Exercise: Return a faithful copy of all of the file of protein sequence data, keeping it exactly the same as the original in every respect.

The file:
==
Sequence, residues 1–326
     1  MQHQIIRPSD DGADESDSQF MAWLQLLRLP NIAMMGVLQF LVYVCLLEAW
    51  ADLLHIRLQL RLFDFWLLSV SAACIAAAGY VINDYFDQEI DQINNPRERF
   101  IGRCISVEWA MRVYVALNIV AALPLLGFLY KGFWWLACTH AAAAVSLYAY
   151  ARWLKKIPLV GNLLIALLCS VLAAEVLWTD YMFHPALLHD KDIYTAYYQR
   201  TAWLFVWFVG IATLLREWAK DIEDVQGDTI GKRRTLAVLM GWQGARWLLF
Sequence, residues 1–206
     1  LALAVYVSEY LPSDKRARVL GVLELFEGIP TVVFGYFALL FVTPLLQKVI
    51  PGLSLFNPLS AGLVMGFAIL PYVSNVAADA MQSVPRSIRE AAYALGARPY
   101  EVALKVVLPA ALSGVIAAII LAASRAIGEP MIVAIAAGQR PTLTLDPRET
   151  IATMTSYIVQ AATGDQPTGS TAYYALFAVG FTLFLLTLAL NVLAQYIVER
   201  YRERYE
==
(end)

Sequence, residues 1–326
     1  MQHQIIRPSD DGADESDSQF MAWLQLLRLP NIAMMGVLQF LVYVCLLEAW
    51  ADLLHIRLQL RLFDFWLLSV SAACIAAAGY VINDYFDQEI DQINNPRERF
   101  IGRCISVEWA MRVYVALNIV AALPLLGFLY KGFWWLACTH AAAAVSLYAY
   151  ARWLKKIPLV GNLLIALLCS VLAAEVLWTD YMFHPALLHD KDIYTAYYQR
   201  TAWLFVWFVG IATLLREWAK DIEDVQGDTI GKRRTLAVLM GWQGARWLLF
Sequence, residues 1–206
     1  LALAVYVSEY LPSDKRARVL GVLELFEGIP TVVFGYFALL FVTPLLQKVI
    51  PGLSLFNPLS AGLVMGFAIL PYVSNVAADA MQSVPRSIRE AAYALGARPY
   101  EVALKVVLPA ALSGVIAAII LAASRAIGEP MIVAIAAGQR PTLTLDPRET
   151  IATMTSYIVQ AATGDQPTGS TAYYALFAVG FTLFLLTLAL NVLAQYIVER
   201  YRERYE